A new report from research organization Visiongain finds that because of a variety of drivers such as carbon emissions, extended producer responsibility and waste reduction targets plus  advanced packaging technologies, the sustainable and green packaging  market’s worth is expected to reach $107.7 billion in 2011. Their report  shows varying degrees of growth from developed to developing nations; however what’s striking is that the growth trend is weathering the slumping global economy and higher production costs.

Sustainable Packaging 101

Sustainable packaging solutions deliver around two colors according to the Accenture report: black (deliver reduced costs) and green (reduce  environmental impacts). Sustainable packaging relies on best engineering, energy management, materials science and lifecycle thinking to minimize the environmental impact of a product through its lifecycle. Given the past decade or so of science and engineering work around sustainable packaging, there are some discovered and tested attributes, such as:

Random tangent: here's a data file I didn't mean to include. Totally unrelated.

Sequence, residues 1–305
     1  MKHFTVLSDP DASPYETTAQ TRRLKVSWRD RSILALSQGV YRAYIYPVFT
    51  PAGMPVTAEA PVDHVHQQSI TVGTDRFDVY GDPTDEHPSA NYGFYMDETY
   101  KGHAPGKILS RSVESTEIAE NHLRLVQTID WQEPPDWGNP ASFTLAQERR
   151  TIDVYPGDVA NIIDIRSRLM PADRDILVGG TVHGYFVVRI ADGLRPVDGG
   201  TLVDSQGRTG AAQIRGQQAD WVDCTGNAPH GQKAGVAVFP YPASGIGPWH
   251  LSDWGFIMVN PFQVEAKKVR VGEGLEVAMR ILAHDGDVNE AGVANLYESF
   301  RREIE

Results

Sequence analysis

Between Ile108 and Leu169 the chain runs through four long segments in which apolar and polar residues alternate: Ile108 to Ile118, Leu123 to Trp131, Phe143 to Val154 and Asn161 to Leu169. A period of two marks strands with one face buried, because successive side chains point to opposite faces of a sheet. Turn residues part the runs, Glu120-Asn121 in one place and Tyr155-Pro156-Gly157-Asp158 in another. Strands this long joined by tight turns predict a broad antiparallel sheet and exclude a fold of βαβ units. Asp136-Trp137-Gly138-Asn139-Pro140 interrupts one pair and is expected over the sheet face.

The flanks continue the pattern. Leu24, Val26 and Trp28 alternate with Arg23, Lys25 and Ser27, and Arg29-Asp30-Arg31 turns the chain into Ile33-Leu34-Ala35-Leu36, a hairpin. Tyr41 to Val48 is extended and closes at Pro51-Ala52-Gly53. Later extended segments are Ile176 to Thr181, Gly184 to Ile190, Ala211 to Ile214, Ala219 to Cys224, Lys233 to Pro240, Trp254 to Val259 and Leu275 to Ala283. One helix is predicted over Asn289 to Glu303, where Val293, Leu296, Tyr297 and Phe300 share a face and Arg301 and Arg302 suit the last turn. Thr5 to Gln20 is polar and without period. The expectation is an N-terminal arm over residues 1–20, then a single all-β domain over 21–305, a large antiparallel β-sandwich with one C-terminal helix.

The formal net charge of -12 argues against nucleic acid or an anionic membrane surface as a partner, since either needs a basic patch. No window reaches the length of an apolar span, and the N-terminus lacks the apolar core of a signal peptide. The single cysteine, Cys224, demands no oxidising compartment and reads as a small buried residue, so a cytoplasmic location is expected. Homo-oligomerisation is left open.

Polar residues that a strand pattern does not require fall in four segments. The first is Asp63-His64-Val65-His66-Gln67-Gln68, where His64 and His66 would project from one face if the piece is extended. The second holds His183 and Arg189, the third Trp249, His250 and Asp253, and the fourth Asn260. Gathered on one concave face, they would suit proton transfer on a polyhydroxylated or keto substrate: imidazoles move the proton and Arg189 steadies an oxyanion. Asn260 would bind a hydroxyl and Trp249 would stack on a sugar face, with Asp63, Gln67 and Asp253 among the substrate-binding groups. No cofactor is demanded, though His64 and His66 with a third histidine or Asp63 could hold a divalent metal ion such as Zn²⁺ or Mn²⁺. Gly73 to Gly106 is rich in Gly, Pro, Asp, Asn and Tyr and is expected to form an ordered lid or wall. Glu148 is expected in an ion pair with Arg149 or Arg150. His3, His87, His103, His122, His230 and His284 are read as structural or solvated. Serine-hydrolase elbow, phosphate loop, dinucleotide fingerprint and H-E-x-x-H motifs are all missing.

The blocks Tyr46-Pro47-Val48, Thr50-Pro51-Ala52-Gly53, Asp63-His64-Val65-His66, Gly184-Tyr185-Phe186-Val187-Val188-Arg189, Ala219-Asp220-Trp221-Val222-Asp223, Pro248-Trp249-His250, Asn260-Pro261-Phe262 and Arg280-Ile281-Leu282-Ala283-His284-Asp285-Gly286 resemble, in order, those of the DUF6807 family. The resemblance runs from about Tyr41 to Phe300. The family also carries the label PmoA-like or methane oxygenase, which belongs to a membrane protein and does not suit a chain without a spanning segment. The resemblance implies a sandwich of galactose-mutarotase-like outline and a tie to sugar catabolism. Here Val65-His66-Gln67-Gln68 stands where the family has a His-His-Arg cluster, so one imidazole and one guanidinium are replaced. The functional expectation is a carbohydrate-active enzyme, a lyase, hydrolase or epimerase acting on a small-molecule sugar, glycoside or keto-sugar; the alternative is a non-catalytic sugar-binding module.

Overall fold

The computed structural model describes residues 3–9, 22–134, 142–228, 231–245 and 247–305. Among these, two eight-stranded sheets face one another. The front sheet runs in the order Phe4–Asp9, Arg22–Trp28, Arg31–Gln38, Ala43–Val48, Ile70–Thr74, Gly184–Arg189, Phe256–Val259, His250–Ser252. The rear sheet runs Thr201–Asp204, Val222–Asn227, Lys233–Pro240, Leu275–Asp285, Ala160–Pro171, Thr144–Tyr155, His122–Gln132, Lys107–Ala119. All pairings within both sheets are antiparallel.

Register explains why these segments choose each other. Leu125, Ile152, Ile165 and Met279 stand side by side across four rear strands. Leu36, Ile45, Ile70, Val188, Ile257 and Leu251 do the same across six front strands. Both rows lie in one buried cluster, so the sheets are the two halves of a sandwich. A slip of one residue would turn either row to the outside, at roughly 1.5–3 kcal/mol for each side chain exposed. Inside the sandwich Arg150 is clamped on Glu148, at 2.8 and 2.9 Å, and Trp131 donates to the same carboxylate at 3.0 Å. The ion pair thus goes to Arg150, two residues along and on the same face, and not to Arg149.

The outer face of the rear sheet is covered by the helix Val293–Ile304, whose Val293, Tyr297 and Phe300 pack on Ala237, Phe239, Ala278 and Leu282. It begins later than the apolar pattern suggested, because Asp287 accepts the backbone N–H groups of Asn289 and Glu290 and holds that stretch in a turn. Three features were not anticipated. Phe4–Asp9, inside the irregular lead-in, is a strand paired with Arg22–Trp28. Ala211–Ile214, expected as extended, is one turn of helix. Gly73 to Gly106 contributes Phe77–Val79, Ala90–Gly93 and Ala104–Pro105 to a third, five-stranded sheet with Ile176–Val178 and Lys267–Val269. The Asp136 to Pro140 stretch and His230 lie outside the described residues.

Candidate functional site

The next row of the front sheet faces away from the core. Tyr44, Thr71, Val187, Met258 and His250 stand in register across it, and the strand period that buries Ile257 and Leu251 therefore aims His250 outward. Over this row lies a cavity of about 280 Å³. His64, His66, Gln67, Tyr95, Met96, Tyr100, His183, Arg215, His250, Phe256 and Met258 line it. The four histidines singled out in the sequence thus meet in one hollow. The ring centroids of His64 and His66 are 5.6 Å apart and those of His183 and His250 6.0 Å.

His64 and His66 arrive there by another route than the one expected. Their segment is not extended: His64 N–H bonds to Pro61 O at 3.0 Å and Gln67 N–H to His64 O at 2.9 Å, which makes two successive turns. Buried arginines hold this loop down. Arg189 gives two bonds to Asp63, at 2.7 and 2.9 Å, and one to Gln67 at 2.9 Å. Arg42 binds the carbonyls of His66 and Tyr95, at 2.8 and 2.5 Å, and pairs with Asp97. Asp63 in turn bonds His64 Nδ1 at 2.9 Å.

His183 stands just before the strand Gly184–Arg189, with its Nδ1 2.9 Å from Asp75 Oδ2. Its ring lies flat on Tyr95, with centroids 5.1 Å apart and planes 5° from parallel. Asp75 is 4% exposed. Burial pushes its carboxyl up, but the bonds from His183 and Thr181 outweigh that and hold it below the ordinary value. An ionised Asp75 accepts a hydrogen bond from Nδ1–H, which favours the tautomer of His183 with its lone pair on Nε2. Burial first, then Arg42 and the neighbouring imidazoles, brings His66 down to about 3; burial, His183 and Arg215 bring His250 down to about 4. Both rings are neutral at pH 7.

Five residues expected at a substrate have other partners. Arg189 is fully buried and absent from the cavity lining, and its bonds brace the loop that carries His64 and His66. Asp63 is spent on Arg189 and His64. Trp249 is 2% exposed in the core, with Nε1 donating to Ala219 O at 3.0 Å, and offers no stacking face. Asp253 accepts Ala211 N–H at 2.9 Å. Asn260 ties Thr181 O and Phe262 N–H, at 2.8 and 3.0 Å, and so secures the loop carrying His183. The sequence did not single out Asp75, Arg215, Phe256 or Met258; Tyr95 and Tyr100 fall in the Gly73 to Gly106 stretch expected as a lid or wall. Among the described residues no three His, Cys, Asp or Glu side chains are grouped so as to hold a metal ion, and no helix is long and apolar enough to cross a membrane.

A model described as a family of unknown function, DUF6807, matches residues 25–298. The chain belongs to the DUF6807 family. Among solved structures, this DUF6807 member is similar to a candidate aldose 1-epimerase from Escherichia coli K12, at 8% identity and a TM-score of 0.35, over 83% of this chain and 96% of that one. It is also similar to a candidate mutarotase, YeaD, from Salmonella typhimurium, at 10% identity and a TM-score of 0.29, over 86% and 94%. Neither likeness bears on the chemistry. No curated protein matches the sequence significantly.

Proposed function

1. Reducing packaging and maximizing the use of renewable or reusable materials
  2. Using lighter weight, less toxic or other materials which reduce negative end-of-life impacts
  3. Demonstrating compliance with regulations regarding hazardous  chemicals and packaging and waste legislation ( such as the European  Directive 94/62/EC on Packaging and Packaging Waste)
  4. Optimizing material usage including product-to-package ratios